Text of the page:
One Bullet Away: The Making of a Marine Officer

Written by:
Nathaniel C. Fick
Narrated by:
Nathaniel C. Fick

Abridged Audiobook

Release Date
October 2005
6 hours 6 minutes
If the Marines are 'the few, the proud,' Recon Marines are the fewest and the proudest. Only one Marine in a hundred qualifies for Recon, charged with working clandestinely, often behind enemy lines. Fick's training begins with a hellish summer at Quantico, after his junior year at Dartmouth, and advances to the pinnacle -- Recon -- four years later, on the eve of war with Iraq. Along the way, he learns to shoot a man a mile away, stays awake for seventy-two hours straight, endures interrogation and torture at the secretive SERE course, learns to swim with Navy SEALs, masters the Eleven Principles of Leadership, and much more.
His vast skill set puts him in front of the front lines, leading twenty-two Marines into the deadliest conflict since Vietnam. He vows he will bring all his men home safely, and to do so he'll need more than his top-flight education. He'll need luck and an increasingly clear vision of the limitations of his superiors and the missions they assign him. Fick unveils the process that makes Marine officers such legendary leaders. One Bullet Away never shrinks from blunt truths, but it is an ultimately inspiring account of mastering the art of war.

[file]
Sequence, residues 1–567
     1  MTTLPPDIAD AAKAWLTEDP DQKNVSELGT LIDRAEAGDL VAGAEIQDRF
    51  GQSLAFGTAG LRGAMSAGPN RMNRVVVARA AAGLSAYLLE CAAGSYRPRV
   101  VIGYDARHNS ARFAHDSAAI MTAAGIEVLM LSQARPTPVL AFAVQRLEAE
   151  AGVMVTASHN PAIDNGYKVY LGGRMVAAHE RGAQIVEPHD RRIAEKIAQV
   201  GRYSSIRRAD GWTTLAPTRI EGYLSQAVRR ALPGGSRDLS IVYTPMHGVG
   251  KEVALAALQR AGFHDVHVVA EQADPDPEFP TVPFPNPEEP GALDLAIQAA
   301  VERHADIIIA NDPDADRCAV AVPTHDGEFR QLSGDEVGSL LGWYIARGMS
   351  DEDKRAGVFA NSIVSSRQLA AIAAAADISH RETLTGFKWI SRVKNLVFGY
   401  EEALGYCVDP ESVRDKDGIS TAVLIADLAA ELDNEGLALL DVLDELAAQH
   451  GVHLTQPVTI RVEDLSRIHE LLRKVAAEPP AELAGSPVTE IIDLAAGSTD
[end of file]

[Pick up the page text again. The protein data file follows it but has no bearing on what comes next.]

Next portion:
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Stephen White

I thought it was well written. I disagreed with some of his decisions on the battlefield, but they were his decisions to make. As a former Marine Officer, I enjoyed the OCS and TBS sections especially. Fick is certainly entitled to his feelings on the war and based on those feelings he probably made the right decision to get out of the Corps. All in all a good listen.

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The author's view of the Marine Corps, Iraq and Recon is exactly what I would expect from a junior officer who served his minimum mandatory time in the Corps. I fear the author has watched too many Vietnam movies and is quite full of himself. He doesn't understand the big picture and he certainly doesn't understand "Mission Accomplishmentā€¯. He over-dramatizes his experiences in Iraq and his liberal views on the GWOT manifest through his disobedience to several orders. His failure to devote his allotted time in the reconnaissance of the "Amusement Park" probably cost U.S. Troops lives. Many Marines experienced tougher fights than 1st Recon in Iraq, and they don't claim to see insurgents on the field at Antietam, or swerve under over passes on US freeways. In conclusion, Nathaniel Fick is a Drama Queen that proves you can take the boy out of Dartmouth, but you can't take Dartmouth out of the boy.

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Christopher Bonino

Excellent. Lt. Fick is blatantly honest in his assessment of life before,during and after his time as an Officer in the USMC. Well written, clear and concise.

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Book gives us reason to be proud of the marines and their traditions. A decent read.

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It was OK. I usually enjoy this type book but... it just did not have it.

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C Robert Cusick

This is a very good book. Shows the hard training and the difficulities of war. A must read especially for anyone that has never been in the service.

One Bullet Away: The Making of a Marine Officer
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